Watchmen is widely acclaimed as perhaps one of the best examples of the graphic novel format around. After reading finally reading through it for myself, I can wholeheartedly agree with this statement. Unfortunately for its highly anticipated movie counterpart, what worked to make such a brilliant graphic novel works directly against its movie adaptation. Sticking too close to its original format for its own good, the Watchmen film tells a tale that feels far too long and is split between too many characters, losing some of the emotional intensity, depth, and clarity of the original in the process.
Watchmen is a classic example of what can happen when the creators of entertainment fail to take into account the strengths, weakness, and differences of the formats available to them. What works in one medium does not necessarily work on another.
I don’t want to sit in a movie theater and listen as Rorschach narrates his journal to me (multiple lengthy times). I don’t want to shift uncomfortably in my seat, periodically checking my watch, as the movie decides to spend an inordinate amount of time telling its tale through flashbacks instead of real-time action. I don’t want the movie to split its time between so many different main characters, not giving me time to get to know or get attached to any particular one of them.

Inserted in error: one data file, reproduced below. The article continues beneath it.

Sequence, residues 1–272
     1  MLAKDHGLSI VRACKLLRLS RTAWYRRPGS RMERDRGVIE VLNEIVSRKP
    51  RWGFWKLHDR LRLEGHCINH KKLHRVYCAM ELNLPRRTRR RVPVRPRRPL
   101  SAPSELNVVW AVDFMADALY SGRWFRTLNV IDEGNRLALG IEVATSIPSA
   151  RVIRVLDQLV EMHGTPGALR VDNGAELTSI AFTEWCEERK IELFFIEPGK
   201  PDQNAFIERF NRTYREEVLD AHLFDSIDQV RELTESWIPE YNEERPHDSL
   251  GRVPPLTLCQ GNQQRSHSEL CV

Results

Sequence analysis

Movies can’t dive into a character’s head like a book (or graphic novel) can, and that’s something Watchmen doesn’t bother to account for, choosing instead to faithfully preserve practically every panel, line of dialog, scene setup, and pencil stroke from its printed counterpart. As a result, it feels alien to its own format.
In one sense, the faithfulness of Watchmen to its source material is something to be praised. After all, it does really and truly feel like the graphic novel has come to life and suddenly made itself visible on a movie screen instead of the printed page.
On the other hand, this results in a distinct lack of reasons to see the movie version rather than simply reading the graphic novels. The movie fails to bring anything significant of its own to the table over what the book was originally able to offer. Moreover, due to limitations of the medium (time and that pesky third person camera perspective, most notably), it does a lot of things quite a bit worse, making it inferior in just about every important sense even though on the surface it seems like a pretty close copy.
I can forgive the movie a lot of its faults simply based on its source material. For instance, what I might call cheesy acting, someone else might call a stylistic reference to the nutty comic book worlds the entire universe of Watchmen was based off of.
Fair enough. When viewed in that light, some of the acting I was displeased with might even be called a success (save for a couple of characters that are just plain old poorly done, but they aren’t enough to ruin the movie on their own).
Let me state this as clearly as possible, just for the sake of clarity: Watchmen is not a bad movie. It is perhaps a little misguided and not as good as it should have been, but it is not bad. It has plenty of redeeming qualities for those willing to endure its missteps.